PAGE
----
Asterisk Goes to Ranch for Security Boost

Thanks to a code contribution from Ranch Networks, there is now a new firewall module in the open source Asterisk IP PBX that dynamically opens and closes ports as needed.

In addition to the security code, Ranch has also announced a new lineup of VoIP appliances that integrate a dynamic firewall and bandwidth allocation together with Asterisk.

The dynamic firewall extensions for Asterisk, called net-sec, open and close port dynamically as needed in order to provide a higher degree of security for the IP PBX. That’s not to say that versions of Asterisk lacking net-sec are necessarily insecure.

Kevin P. Fleming senior software engineer at Digium and co-maintainer of Asterisk explained that Digium has always considered Asterisk to be fairly secure. Part of that belief is rooted in the fact that, historically speaking, Asterisk has had an extremely small number of security advisories.

However, there is always room for security improvement and that’s where the new Ranch-contributed code fits in.

“In the traditional scenario, where you are providing publicly available SIP services to the world, your Asterisk server is quite exposed, as you have to have large numbers of UDP ports open for media sessions, and they’re just open all the time,” Fleming told

Fleming added that a potential attacker could relatively easily attack the Asterisk server with a DoS (denial of service) attack by streaming media at those open ports—which Asterisk will normally throw away.

“This technique says, no we’ll not have any of those ports open except when we absolutely need to, and then we’ll open them and it will only be open to the peer that we are communicating with,” Fleming said. “So even when we open up the port to accept media no one else will see that port as being open.’

The new security additions are currently available as a separate download, together with version 1.2.2 of Asterisk. Version 1.2.2 is the second point release in the 1.2.x branch of Asterisk, which was released last November.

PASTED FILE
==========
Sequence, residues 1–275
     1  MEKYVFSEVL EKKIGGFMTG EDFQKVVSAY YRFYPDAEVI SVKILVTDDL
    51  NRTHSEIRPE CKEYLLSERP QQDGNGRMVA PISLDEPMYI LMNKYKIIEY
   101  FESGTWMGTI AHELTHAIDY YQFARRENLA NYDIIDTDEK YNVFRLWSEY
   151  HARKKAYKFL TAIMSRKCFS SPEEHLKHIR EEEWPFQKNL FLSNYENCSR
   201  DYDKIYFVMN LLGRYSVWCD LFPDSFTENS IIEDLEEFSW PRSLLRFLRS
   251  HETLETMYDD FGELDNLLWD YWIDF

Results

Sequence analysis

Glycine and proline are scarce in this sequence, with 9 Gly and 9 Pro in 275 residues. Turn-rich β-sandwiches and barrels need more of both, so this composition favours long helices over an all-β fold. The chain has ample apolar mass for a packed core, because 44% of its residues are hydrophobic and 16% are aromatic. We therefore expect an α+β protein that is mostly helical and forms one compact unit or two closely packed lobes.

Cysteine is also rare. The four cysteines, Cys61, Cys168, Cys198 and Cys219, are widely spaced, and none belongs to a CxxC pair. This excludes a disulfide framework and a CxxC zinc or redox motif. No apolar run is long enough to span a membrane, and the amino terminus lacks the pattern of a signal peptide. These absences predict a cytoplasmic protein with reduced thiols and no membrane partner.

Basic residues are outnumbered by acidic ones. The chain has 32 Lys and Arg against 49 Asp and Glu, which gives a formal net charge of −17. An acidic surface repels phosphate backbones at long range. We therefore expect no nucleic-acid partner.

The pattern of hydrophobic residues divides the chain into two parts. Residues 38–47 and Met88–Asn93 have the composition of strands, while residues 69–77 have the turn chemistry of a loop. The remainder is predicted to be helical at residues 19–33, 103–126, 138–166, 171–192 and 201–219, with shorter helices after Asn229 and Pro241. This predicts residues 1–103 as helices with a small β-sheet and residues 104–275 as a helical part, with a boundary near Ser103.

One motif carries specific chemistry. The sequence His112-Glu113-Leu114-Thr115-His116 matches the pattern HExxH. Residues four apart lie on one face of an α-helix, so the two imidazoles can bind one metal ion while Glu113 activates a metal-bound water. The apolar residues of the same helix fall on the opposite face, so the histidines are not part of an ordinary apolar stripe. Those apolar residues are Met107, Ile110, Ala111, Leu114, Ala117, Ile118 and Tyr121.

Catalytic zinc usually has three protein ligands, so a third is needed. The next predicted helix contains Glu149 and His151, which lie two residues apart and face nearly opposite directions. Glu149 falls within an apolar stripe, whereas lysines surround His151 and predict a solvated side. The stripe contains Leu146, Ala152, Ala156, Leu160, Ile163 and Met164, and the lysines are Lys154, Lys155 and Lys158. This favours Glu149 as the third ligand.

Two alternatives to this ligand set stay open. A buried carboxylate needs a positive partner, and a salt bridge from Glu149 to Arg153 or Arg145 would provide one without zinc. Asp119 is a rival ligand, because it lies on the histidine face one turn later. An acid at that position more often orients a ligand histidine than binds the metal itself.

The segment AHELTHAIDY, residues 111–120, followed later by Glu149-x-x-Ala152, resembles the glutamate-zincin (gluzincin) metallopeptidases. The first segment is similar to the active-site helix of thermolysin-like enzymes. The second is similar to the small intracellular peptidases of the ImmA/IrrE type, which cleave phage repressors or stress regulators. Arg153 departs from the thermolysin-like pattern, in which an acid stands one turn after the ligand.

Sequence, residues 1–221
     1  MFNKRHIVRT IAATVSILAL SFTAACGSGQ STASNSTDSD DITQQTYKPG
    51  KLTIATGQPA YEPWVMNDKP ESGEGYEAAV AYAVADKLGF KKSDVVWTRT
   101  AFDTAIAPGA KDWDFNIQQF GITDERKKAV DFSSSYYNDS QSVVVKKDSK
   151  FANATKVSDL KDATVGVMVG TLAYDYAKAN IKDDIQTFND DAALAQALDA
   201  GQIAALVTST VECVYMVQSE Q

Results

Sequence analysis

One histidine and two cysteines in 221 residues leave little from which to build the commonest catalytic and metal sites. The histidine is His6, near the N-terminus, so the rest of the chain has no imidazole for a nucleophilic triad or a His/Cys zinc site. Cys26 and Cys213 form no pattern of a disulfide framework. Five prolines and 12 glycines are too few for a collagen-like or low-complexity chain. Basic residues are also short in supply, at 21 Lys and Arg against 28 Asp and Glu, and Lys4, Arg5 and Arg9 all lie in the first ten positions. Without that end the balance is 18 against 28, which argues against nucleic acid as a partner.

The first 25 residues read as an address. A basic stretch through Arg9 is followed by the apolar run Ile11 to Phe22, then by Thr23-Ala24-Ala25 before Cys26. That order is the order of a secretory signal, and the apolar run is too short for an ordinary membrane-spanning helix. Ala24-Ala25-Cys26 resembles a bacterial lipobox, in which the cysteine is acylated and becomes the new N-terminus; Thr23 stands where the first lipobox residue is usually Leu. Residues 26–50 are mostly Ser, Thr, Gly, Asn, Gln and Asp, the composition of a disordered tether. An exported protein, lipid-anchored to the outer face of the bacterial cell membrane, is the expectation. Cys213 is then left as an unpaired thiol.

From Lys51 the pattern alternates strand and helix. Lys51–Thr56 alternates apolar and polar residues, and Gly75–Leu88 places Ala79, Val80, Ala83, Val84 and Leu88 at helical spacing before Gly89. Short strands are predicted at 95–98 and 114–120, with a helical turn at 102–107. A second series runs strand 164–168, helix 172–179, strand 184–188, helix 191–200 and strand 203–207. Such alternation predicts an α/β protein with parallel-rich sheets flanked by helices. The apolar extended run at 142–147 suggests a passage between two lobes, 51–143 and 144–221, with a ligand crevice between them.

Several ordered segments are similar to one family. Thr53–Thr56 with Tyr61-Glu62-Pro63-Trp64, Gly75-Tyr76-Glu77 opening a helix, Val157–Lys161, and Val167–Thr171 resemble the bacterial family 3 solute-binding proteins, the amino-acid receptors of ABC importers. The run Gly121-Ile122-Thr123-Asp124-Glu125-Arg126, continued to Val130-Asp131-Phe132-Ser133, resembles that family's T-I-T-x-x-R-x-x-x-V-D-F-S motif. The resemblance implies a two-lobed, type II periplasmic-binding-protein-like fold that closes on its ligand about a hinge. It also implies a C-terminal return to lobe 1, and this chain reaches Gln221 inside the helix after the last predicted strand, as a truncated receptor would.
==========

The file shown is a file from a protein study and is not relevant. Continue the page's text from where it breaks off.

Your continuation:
The plan, according to Fleming, is for net-sec to be merged back into a single distribution for the next point release version 1.2.3 . Currently there is a point release of the open source version of Asterisk every three to four weeks.

Net-sec will not be part of the Business Edition of Asterisk until its next full release, which is expect by April of this year. The Business Edition is a version of Asterisk that has gone through enhanced stability testing and is also on a low frequency for updates.

The changes introduced by net-sec are more than just simply adding a firewall connection. “It’s not only a new module but it also requires modifications to the SIP channel driver so it would know at what points during the SIP negotiation to invoke the functionality in the firewall,” Fleming said.

Ranch Networks has contributed the net-sec code under the GNU GPL license, the same under which Asterisk is licensed.

In addition to the code contribution, Ranch is rolling out a new line of integrated, PBX-controlled VoIP appliances that provide enhanced security, bandwidth management, VPN, accounting, and switching. While the ‘RN’ family is designed to work with leading IP PBXs, Ranch is rolling out the Asterisk version first, “as it allow us to leverage a vast growing user base, a focused and enterprising reseller channel, and avoid the red tape of the proprietary PBX vendors,” according to Ram Ayyakad, Ranch Networks founder and CEO.

In total there are four new RN appliances from Ranch Networks—from the small-office RN300 on the low end (with three 10/100Mb ports) to the RN40 at the high end (with 10Gb ports)—ranging in price from $750 all the way up to $20,000.

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